While petitioner claims that she is sharing the housing of others due to loss of housing, economic hardship or a similar reason, she makes only conclusory statements that she is facing economic hardship and does not produce any evidence to support such claims.  In any case, even if petitioner had provided such evidence, I note that proof of economic hardship, in and of itself, is not sufficient to establish homelessness (Appeal of T.J.G. and D.G., 54 Ed Dept Rep, Decision No. 16,652; Appeal of G.S. and M.S., 52 id., Decision No. 16,388; Appeal of J.B., 50 id., Decision No. 16,221).  Moreover, respondent submitted evidence indicating that, contrary to petitioner’s allegation, the owner of the out-of-district residence does not reside there with petitioner’s family as he received a STAR exemption in 2015 (which is only granted on a person’s primary residence) on another residence.  Petitioner submits no reply or other evidence to refute this. 

There is also no evidence in the record that petitioner’s residence is temporary or transitional.  Petitioner does not claim or demonstrate that her family must vacate the current residence or that there is a time limit as to how long they can reside there (Appeal of a Student with a Disability, 52 Ed Dept Rep, Decision No. 16,404; Appeals of L.B., 50 id., Decision No. 16,129; Appeal of J.U., 50 id., Decision No. 16,095; Appeal of M.W., 46 id. 151, Decision No. 15,471).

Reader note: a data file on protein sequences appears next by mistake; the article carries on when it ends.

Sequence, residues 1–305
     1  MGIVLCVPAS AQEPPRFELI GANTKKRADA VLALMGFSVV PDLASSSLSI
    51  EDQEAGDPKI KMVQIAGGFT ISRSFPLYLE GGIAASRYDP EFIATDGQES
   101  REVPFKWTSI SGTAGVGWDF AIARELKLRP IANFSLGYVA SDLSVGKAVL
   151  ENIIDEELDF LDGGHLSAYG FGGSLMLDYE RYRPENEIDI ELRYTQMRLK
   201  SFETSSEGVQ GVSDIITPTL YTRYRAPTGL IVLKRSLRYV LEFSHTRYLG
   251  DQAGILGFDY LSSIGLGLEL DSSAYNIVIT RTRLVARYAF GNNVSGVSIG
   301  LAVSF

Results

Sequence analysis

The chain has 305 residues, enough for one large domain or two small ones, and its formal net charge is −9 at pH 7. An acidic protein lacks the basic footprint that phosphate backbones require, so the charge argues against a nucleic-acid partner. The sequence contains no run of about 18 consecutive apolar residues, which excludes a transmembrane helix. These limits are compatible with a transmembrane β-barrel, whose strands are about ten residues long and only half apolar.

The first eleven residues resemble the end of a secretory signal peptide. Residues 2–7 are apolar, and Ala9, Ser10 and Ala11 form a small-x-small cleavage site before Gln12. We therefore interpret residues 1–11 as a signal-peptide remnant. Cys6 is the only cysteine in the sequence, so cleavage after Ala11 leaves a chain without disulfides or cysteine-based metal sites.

Based upon the record before me, petitioner has failed to demonstrate that the student lacks a fixed, regular and adequate night-time residence or that the student is living in the kind of shelter or other accommodations set forth in Education Law §3209(1)(a).  Accordingly, I cannot find that respondent’s determination that the student is not homeless was arbitrary or capricious.

Although the appeal must be dismissed for the reasons described above, I note that petitioner has the right to reapply for admission on behalf of the student at any time should circumstances change and to submit any documentary evidence for respondent’s consideration.